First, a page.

Tribal art > African mask > Masque Kumu
Masque Nsembu Kumu, Komo (N° 18166)
Among the first art masks, this mask named Nsembu occurred in male-female pairs, and was used by the society of soothsayers Nkunda at the clans living in the north of the Uituri region. The surface is coated with a polychrome dotillage, an allusion to the animal world, and the color pigments that adorn the bodies during the initiation rites. Patine mate. Height on suitable base: 44 cm.
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The Kumu , Bakumu, Komo, live mainly in the North-East and central Democratic Republic of Congo. Their Bantu language is komo or kikomo. Several ethnic groups are closely intertwined, with similar associations: the Mbole, the Yela, the Lengola, and the Metoko. Their artistic production also has great similarities with that of the Metoko and Lengola. Their divination masks were displayed during the closing ceremonies of the initiation and circumcision of the young people of the society nkunda . It was in the Maniema region around the Lualaba River and the Great Lakes that Lega sculpture exerted its influence extensively. A costume made up of bark textiles and plant fibres concealed the wearer. Biebuck would have noticed a great similarity between the rituals accompanying the appearance of Kumu masks and those of muminia masks of the Lega.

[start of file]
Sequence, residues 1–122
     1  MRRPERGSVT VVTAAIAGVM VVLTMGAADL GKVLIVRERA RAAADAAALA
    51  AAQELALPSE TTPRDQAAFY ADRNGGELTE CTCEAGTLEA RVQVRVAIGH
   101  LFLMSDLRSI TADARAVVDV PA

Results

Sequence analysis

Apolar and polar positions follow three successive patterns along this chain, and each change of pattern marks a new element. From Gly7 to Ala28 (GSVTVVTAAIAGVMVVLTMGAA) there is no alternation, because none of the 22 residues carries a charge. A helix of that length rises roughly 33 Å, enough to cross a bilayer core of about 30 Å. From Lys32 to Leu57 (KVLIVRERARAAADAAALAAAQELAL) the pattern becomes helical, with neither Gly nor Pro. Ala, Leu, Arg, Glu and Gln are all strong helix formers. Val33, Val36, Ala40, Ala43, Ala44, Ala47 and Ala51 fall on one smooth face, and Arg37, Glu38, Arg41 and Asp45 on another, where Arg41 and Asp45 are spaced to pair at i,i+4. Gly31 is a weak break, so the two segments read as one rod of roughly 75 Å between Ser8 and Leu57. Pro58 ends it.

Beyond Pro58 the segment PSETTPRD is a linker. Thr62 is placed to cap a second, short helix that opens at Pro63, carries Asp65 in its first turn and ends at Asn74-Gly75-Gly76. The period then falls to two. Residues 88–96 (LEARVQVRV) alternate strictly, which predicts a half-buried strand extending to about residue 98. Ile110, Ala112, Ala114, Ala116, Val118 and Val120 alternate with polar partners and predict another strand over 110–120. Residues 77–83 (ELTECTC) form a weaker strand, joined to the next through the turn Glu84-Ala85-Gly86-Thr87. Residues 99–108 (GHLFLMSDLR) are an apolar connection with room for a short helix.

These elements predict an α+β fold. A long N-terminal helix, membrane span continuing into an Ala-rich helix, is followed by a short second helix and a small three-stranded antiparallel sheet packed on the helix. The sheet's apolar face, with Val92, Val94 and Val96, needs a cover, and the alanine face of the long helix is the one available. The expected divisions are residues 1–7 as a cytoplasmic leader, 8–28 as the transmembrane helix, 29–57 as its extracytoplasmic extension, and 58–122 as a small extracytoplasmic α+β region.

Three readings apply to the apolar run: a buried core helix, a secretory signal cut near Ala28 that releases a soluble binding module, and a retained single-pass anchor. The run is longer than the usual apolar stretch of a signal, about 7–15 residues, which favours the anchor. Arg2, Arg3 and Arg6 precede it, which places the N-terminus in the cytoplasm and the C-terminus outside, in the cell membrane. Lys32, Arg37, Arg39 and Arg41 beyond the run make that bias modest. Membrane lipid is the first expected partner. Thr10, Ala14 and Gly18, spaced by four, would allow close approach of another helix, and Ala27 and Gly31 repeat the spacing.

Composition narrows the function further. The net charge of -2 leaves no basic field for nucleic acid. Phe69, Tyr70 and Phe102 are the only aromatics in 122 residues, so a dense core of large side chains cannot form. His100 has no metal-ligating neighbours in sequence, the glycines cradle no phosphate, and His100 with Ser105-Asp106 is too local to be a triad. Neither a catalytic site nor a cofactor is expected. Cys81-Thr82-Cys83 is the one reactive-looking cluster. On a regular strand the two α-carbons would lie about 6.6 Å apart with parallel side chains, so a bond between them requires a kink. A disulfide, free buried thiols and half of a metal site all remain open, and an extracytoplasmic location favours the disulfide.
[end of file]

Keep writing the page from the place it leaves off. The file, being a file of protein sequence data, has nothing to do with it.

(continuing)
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|Origin||ex-collection E. Caldwell - USA|
|Country||rdc ex zaire|
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